- You're so talented, I think you should do like a comic book with some crazy characters and cool story lines : )
Thanks! I’ve actually thought about doing a Batman comic, once or twice, but I doubt I’ll ever make that happen.

Q: Having new styles, new ways of working, from a technical point of view, a lot things have changed. Remember the early 2000 and the damn tribal tattoos? The cross and a rose designs oh I think that was 2010... yup! Hah and now we have a whole new generation of young, really creative people, digital painting, drawings on pen tablets... I love the progress. It's like a tattoo renaissance... what are your thoughts?
A: I love it. I love to see new things and I love the energy that has been brought into tattooing. Some of it is a little misguided, some styles are just fads that’ll disappear in a year or two. But overall, I think it’s all good. The more variety you have, the more healthy things are and the harder you have to work to be average, let alone rise above. A lot has changed since I started tattooing and it’s all ended up for the better, I think. Machines and ink brands have come and gone, but the best things rise to the top and seem to be the things that last. I know a lot of people worry about change and have a more cynical outlook towards younger tattooers but I hate gatekeeping and I definitely don’t feel like I’d be in any position to be a gatekeeper of tattooing. I’m just grateful to be here and have people make me feel like I belong.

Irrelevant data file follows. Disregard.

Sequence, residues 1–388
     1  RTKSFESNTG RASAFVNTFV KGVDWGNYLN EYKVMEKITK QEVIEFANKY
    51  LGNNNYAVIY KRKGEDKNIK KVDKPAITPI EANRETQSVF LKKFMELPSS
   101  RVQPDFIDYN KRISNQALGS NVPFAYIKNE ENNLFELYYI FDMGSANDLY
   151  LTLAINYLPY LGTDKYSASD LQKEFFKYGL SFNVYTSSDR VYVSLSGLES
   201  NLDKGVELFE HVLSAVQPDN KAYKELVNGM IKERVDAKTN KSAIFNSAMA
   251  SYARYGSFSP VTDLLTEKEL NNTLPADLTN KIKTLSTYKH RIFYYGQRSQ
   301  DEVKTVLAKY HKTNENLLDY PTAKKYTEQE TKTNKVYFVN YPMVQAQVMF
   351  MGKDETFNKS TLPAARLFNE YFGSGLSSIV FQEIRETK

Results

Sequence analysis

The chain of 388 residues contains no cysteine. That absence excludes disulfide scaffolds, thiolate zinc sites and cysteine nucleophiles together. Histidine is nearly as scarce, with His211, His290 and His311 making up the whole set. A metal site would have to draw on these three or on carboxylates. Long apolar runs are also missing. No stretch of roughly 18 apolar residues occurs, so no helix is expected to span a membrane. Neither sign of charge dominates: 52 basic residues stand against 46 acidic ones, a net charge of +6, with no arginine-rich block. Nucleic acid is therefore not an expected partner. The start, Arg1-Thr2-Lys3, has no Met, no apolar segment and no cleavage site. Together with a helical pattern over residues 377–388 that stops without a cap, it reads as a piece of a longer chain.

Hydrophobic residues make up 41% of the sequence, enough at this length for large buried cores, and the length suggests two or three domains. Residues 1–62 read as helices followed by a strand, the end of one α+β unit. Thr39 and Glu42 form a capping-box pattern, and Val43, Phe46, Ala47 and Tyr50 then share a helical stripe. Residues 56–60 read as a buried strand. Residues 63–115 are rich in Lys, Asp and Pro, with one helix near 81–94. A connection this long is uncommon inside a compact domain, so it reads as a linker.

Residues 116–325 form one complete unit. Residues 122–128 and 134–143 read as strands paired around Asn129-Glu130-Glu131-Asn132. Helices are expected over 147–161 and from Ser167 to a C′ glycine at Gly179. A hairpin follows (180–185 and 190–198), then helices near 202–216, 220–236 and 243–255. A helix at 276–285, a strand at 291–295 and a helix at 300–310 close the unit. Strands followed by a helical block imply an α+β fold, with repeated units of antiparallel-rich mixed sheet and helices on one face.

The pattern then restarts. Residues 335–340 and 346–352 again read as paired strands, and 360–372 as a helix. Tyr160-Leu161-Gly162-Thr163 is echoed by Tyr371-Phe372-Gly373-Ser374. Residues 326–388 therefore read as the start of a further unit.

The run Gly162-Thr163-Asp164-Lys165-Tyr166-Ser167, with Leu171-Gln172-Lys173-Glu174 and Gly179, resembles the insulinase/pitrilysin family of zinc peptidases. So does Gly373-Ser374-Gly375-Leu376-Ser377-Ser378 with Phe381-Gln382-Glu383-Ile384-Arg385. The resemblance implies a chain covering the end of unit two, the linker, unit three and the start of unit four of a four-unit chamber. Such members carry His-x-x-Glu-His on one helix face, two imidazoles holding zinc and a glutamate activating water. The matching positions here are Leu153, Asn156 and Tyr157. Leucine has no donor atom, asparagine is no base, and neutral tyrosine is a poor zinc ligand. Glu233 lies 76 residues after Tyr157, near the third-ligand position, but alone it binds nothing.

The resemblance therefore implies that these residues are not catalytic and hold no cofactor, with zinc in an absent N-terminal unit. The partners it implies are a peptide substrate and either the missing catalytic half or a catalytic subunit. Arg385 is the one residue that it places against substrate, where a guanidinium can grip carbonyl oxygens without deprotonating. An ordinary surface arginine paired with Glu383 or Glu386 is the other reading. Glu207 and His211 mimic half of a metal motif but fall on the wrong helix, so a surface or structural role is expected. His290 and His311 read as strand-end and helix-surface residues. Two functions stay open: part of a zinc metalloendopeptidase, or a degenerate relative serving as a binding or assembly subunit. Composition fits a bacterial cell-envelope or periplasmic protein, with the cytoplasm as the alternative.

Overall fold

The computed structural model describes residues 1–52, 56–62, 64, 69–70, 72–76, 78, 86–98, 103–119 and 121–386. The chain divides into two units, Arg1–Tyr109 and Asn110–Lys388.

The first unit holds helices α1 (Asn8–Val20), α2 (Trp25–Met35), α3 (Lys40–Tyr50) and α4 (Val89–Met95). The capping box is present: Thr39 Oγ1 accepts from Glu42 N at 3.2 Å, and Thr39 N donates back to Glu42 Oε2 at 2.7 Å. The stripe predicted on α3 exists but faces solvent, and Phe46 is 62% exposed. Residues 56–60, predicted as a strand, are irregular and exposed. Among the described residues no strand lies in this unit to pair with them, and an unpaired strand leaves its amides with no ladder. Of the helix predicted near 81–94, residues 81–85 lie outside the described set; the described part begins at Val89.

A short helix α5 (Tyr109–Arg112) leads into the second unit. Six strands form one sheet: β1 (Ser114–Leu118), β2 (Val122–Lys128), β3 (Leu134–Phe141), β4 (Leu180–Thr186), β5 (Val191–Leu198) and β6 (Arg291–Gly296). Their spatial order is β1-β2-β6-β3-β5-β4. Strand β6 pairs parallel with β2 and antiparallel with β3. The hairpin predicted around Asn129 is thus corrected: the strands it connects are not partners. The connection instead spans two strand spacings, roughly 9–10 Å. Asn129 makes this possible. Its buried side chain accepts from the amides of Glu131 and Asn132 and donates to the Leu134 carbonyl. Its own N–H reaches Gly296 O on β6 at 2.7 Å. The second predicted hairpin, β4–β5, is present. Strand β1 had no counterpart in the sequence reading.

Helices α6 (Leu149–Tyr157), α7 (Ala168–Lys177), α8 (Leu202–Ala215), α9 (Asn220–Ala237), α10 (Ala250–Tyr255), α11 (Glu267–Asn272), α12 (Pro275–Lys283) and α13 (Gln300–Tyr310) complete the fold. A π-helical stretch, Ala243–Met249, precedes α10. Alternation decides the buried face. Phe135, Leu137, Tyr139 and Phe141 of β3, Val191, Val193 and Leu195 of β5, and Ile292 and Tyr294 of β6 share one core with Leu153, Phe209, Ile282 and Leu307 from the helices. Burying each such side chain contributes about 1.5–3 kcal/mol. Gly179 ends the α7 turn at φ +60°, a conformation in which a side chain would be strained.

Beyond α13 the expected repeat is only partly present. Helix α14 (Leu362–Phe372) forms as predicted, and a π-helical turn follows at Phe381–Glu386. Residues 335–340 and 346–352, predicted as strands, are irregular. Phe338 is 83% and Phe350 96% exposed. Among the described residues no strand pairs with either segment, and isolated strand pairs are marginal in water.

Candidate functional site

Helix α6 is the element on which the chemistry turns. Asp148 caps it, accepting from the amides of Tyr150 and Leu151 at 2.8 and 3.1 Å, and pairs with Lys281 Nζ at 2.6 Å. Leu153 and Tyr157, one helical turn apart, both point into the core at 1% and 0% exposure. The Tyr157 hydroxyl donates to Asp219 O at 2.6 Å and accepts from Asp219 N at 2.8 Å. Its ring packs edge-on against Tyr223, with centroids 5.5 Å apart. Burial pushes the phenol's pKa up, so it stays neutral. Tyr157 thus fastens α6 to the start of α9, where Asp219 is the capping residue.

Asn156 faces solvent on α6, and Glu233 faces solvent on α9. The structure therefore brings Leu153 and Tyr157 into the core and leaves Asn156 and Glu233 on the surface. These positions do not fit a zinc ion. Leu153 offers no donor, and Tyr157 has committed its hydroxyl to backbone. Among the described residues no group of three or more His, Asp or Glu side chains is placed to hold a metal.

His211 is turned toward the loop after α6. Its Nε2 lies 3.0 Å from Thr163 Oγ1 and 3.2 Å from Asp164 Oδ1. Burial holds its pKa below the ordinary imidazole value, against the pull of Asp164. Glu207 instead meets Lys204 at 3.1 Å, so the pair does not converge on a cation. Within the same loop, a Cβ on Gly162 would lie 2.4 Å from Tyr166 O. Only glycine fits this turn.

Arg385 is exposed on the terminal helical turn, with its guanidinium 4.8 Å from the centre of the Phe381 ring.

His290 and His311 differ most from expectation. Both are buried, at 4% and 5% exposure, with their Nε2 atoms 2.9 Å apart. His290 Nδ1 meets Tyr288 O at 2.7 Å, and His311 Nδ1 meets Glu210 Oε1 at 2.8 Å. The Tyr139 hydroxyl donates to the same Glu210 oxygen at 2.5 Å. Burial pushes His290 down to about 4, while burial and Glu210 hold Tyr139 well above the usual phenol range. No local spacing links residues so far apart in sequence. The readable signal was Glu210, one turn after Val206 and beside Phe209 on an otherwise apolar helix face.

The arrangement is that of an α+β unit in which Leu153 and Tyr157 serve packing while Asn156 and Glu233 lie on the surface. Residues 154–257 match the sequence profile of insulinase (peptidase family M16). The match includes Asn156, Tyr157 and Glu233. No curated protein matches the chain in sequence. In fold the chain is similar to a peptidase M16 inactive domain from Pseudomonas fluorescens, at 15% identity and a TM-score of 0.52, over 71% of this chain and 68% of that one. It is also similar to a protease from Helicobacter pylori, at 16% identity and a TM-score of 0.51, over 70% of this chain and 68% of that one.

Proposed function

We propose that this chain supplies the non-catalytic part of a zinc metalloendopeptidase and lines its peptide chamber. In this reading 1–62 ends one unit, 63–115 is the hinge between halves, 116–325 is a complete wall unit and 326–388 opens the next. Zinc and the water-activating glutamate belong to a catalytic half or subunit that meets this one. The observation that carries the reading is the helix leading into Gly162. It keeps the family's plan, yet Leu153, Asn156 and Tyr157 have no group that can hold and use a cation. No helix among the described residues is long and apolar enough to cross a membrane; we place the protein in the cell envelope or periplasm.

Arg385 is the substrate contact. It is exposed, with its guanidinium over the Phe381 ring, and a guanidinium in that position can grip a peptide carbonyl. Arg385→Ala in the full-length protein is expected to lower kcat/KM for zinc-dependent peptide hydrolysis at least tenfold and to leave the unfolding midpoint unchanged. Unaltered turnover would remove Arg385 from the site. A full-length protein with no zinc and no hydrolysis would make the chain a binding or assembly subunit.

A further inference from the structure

Q: I think having good drawing skills is a "must" in tattooing, even though tattooing on its own it's a technique that must be learned but still, I believe drawing is like that first stepping stone. Do you agree?